REVIEW: Zoo City by Lauren Beukes

zoo city, art by joey hifi, lauren beukes

File under: Everything Breaks

Someone (I cannot remember who) once said that fantasy is at it’s best when holding a mirror up to reality, a mirror that distorts in such a way that you see things you wouldn’t usually look for. Zoo City does just that; it could be described as gritty, though the grit is laced with crushed glass. It’s sharp, succinct, and expects the reader to keep up.

Set in a world where committing a crime can result in a spiritual familiar-cum-dæmon attaching itself to you, and where having one marks you as the lowest of the low, Zoo City has its roots firmly set in the visceral reality of Jo’burg’s slums. Told in first person interspersed with police records, emails and newspaper clippings, the protagonist is razor-tongued Zinzi December, accompanied at all times by her Sloth. Balancing paying off a drug debt against keeping her more moral lover and making ends meet, Zinzi is trying to keep her head down and stay out of trouble.

People who are ‘Animalled’ tend to have a skill or shavi. Something a little supernatural. Zinzi can find lost things, and the story kicks off as she is coerced into finding a missing person. It’s not a job that she wants to take on, but with a debt of R94,235.82 and her other jobs mysteriously vanishing (or being murdered), Zinzi does not exactly have a choice.It’s not long before events lurch out of control, bringing her FL (Former Life-time before being Animalled), her sometime lover Benoît and her current case into a slow, traumatic collision, and I cannot say much more about that without ruining the story.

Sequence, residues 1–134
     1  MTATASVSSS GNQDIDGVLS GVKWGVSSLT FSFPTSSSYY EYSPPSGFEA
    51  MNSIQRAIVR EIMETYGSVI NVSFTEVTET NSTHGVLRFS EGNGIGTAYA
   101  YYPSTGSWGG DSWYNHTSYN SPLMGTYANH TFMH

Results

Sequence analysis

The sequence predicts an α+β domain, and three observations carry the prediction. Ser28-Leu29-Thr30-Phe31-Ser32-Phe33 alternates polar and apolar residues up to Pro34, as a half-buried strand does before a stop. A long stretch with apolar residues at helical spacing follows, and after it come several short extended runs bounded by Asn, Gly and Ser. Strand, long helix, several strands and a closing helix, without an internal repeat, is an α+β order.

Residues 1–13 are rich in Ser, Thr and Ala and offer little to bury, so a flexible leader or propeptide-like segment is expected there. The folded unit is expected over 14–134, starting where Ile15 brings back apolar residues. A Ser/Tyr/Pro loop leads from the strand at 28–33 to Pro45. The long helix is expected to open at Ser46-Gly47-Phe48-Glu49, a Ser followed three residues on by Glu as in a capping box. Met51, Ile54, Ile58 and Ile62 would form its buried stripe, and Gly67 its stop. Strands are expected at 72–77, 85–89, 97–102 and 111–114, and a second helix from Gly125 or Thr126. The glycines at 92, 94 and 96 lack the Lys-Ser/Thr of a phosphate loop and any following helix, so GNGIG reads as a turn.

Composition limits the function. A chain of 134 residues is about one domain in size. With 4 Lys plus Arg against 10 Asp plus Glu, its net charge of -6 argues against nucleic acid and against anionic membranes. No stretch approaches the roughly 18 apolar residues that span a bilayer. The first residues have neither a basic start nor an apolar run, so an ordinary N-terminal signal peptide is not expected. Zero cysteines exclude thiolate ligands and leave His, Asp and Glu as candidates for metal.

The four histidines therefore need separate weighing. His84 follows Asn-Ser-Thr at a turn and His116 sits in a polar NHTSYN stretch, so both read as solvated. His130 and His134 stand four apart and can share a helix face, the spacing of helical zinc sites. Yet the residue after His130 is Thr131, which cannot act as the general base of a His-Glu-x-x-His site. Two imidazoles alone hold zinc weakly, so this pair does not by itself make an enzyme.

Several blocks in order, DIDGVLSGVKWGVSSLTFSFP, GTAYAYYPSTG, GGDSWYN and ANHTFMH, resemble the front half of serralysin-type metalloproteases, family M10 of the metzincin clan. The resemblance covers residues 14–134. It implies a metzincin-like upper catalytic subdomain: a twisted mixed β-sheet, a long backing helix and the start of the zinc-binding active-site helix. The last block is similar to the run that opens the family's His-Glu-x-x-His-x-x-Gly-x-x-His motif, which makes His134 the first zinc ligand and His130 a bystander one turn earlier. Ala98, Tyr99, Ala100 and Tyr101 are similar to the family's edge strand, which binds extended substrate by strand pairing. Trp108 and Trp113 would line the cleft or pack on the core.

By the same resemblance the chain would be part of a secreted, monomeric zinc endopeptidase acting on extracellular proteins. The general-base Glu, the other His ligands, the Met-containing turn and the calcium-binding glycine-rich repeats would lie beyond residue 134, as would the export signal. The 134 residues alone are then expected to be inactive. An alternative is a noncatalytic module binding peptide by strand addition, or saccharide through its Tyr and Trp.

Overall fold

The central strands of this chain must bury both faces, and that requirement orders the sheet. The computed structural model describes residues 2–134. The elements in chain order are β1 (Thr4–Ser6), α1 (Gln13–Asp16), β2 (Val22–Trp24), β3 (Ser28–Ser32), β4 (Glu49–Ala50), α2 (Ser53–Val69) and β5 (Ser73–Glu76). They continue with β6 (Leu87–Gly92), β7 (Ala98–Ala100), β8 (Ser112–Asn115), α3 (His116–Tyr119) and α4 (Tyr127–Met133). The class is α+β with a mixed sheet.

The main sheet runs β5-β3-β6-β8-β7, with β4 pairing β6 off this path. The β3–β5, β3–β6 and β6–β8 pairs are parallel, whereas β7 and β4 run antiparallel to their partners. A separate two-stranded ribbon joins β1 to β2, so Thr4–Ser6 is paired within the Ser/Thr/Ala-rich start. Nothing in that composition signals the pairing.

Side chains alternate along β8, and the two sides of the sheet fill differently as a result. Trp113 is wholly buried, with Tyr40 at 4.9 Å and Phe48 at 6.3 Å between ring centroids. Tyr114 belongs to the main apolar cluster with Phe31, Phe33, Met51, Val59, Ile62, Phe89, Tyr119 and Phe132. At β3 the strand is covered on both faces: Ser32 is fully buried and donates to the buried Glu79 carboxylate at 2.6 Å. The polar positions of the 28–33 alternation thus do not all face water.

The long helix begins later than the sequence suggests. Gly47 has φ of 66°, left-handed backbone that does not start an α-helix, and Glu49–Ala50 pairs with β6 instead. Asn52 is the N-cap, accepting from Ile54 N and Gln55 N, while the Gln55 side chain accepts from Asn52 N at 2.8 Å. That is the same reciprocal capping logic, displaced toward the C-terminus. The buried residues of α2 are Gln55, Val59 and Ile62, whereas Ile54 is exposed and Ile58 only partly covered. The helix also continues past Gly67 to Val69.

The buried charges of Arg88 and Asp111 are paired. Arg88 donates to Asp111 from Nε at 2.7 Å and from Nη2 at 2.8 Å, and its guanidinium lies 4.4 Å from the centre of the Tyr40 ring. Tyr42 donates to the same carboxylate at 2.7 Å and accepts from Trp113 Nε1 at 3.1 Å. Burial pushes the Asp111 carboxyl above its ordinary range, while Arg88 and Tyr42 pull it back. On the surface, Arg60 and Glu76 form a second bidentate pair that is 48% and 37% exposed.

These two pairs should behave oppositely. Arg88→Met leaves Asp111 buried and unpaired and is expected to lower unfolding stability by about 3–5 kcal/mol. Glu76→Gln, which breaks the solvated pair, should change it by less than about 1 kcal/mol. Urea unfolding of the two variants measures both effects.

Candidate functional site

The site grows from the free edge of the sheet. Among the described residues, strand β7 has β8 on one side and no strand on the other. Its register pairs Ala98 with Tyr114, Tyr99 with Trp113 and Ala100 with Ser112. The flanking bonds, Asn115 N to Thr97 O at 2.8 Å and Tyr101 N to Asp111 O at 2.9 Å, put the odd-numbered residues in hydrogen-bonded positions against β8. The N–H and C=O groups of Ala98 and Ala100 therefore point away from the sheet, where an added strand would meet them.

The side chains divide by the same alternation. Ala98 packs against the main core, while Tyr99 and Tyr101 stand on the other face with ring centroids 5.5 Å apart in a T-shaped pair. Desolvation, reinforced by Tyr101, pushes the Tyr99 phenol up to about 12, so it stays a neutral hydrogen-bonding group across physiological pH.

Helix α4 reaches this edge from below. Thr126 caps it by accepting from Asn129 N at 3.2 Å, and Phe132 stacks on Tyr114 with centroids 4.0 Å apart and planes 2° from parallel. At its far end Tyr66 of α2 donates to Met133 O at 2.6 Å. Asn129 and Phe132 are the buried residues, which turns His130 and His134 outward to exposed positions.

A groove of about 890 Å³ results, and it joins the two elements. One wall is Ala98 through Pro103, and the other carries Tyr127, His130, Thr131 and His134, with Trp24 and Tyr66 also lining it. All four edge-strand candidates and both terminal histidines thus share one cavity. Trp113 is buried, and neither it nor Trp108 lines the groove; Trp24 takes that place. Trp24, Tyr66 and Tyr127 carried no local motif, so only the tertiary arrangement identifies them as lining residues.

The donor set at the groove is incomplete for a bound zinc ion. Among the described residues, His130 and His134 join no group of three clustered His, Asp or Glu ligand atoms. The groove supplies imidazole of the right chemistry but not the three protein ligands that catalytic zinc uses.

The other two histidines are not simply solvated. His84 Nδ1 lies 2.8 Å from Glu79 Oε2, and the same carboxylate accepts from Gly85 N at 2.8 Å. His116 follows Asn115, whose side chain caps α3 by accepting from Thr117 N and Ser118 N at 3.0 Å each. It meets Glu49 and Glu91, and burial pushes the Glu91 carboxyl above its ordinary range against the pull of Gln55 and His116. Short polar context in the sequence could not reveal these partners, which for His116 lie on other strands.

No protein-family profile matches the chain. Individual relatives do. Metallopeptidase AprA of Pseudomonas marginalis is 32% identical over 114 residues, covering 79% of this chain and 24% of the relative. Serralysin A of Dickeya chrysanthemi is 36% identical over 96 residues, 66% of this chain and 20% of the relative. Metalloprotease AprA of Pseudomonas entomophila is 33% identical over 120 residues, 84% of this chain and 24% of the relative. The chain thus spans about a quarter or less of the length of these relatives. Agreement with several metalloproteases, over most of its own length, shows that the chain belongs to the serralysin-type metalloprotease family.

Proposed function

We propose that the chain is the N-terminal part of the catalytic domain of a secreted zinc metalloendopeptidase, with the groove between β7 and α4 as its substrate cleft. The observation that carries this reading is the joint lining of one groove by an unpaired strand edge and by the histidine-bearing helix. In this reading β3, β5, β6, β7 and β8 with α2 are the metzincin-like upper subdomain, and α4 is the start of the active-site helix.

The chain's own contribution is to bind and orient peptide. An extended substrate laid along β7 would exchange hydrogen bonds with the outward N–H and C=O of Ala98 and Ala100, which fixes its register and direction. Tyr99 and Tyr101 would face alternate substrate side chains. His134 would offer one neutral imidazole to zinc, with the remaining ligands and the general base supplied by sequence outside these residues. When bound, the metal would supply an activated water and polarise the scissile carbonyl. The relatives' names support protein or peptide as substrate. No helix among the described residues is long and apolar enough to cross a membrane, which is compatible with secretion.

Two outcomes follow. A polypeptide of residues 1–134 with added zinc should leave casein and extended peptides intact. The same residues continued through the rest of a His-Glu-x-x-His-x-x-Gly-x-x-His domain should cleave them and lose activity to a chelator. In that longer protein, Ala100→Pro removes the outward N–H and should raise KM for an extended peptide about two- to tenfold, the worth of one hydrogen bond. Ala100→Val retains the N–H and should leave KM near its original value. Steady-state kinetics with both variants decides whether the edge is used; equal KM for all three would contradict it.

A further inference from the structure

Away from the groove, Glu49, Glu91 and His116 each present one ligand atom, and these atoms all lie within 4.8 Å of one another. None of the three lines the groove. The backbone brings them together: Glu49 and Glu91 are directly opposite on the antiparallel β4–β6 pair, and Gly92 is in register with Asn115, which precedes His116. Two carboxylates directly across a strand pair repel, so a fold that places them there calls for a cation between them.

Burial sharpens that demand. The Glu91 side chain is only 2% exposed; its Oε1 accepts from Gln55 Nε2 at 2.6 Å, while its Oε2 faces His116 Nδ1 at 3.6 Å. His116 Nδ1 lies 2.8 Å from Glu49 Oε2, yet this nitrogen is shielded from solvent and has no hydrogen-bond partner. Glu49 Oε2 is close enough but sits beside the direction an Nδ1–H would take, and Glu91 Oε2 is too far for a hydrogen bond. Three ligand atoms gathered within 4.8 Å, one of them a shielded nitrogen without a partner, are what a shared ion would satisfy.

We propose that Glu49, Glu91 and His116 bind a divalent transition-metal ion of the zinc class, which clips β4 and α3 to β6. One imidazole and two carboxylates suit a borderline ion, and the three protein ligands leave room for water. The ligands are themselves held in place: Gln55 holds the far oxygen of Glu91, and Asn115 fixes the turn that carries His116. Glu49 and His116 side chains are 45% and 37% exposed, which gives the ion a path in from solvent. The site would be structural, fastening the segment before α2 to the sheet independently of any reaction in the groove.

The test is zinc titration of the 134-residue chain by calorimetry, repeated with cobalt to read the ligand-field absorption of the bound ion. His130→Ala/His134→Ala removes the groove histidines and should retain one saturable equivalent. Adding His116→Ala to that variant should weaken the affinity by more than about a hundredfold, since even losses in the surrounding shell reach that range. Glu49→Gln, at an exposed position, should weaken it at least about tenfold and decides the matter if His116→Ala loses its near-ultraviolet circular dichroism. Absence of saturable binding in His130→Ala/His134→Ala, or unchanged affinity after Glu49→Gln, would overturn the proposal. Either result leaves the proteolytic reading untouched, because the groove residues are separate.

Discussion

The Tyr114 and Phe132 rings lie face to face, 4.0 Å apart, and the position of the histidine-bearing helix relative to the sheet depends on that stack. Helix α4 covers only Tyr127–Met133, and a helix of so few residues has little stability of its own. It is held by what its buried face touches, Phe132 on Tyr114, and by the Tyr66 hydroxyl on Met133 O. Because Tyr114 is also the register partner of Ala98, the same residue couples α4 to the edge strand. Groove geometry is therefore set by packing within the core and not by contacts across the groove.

This book is peopled with unforgettable characters. Benoît, who has principles and scars. The ominous couple known mainly by the names of their Animals (Marabou and Maltese) who persuade Zinzi to take on the job and are rarely seen without each other. Odi Huron, gone to seed managerial genius of the music industry. Journalists and rehab managers and muti makers and gangsters all shamble in and out, tangible and bloody and sometimes surviving little more than a few paragraphs.

The writing style is terse and rippled through with haunting images. It is a study of violence and power struggles; of what people are willing to do to each other. It’s also a ripping yarn that hooked me and drew me through its pages in under four hours.

What I loved, above the story with its stranglehold on my mind, above this world which Lauren Beukes has created that was so real that I could taste the smog, was Zinzi December. Here is a heroine who’s made mistakes and had to live with them, who is fighting for survival rather than revenge or justice or any of those things that female protagonists are so often searching for. Zinzi December was human through and through, flawed and resourceful and desperate.

The whole thing is peppered through with hard little facts (China executes zoos on principle) and references to documentaries and real-life conflicts. If being bottled was enjoyable, this is what being bottled by a book would feel like. Read it.


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